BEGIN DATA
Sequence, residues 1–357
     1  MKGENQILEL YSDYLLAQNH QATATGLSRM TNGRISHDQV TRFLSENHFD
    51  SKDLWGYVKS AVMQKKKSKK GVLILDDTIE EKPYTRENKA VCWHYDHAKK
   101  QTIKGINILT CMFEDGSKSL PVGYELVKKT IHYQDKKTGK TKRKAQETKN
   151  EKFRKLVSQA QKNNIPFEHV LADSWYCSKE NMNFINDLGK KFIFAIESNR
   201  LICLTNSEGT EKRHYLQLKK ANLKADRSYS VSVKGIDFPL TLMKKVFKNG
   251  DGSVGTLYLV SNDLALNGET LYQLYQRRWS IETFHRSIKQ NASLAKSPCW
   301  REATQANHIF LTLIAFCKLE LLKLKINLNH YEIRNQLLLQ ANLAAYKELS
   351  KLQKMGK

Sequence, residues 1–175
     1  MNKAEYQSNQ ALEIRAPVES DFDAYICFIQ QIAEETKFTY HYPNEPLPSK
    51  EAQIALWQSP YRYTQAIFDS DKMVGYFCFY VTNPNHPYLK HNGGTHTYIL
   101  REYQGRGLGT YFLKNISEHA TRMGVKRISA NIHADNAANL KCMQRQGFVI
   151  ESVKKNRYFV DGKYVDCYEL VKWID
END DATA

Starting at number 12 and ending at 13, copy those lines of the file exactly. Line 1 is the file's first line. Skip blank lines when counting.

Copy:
    51  EAQIALWQSP YRYTQAIFDS DKMVGYFCFY VTNPNHPYLK HNGGTHTYIL
   101  REYQGRGLGT YFLKNISEHA TRMGVKRISA NIHADNAANL KCMQRQGFVI